In James’ opinion, if you put rigid board (or similar insulation products) around the exterior of your home and on top of the sheeting in your roof too, the framing materials of your home will be encapsulated in this, giving extra protection to preserve the building for the long term. It could also block condensation from getting to the wood and, in his opinion, is the great way to make a home compliant with step four of the BC Energy Step Code.

One of the most important factors in achieving compliance with the BC Energy Step Code is creating a fully sealed building that has minimal air gaps. Right now, there is no air testing, but as part of the BC Energy Step Code, buildings will be subject to an “airtightness test” at a certain stage of its construction. While there is no obligation to commit to step four at the moment, 2022 is fast approaching, and so James advises us to get used to the extra reports and tests in energy efficiency now.

A home that is compliant with step four of the BC Energy Step Code will have to have significant insulation in the roof. They want to increase the minimum to R40 (currently at R20), meaning, in some cases, a metre of insulation could be required. This will, of course, affect how architects approach roof heights as we move forward.

In order to achieve compliance with the BC Energy Step Code, James discusses using triple pane windows with insulated frames to improve efficiency. Window placements and overhangs are also important factors that can affect whether the home meets the new energy-efficient insulation demands. An overhang keeps water away from the walls and offers shade against the summer sun. Clever design means the home can be angled to capture the warming winter sun without having that sweltering greenhouse effect in the summer.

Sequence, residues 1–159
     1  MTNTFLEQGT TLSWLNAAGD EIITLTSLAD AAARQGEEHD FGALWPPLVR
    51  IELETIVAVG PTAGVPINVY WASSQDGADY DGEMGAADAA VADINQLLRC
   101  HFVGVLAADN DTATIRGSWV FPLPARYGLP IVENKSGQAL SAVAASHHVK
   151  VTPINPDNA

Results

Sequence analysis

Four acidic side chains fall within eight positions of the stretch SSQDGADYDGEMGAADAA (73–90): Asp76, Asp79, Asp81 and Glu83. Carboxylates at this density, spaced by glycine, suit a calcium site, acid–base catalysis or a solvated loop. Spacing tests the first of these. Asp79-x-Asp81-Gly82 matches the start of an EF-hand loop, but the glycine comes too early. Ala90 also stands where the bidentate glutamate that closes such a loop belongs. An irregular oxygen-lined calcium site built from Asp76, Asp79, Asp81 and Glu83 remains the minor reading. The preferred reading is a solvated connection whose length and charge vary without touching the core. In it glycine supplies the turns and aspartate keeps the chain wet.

James goes on to discuss the mechanical changes on the inside of the property as the BC Energy Step Code aims to reduce heat loss through vents. The use of a heat exchanger system is James’ tip to combat heat loss as they warm the fresh air that is coming in. “There are lots of ways to get there”, James added, “there is no one way”.

Market Effects of the BC Energy Step Code 

What will be the effect of constructing according to step four of the BC Energy Step Code? Well, incredibly efficient and durable homes for a start. In James’ opinion, these houses could easily last for 200+ years if built and designed to a high standard.

Having said that, there will be additional time and costs to this energy-efficient construction. For example, factoring in the costs of the design, tests, reports and the extra building material costs, such as insulation, on a typical Vancouver suburb home could exceed $50,000.   More so if you include financial carrying costs for the extra time.

James Garbutt and Denny Dumas conclude this podcast by discussing how step four and above compliant homes will affect the future of real estate in the area. In two years, many cities throughout BC have a goal to meet step four of the BC Energy Step Code.  In the short term, they agree that speculative new home construction may be affected by this as buyers may take some time to pay the additional premium for these new homes. At some point, however, high energy efficiency will be the norm, and homes built prior to this era might have a negative connotation. Similar to how a building without rain-screen does today.

TO BUY FIRST OR SELL FIRST? THAT IS THE QUESTION…

TO BUY FIRST OR SELL FIRST? THAT IS THE QUESTION…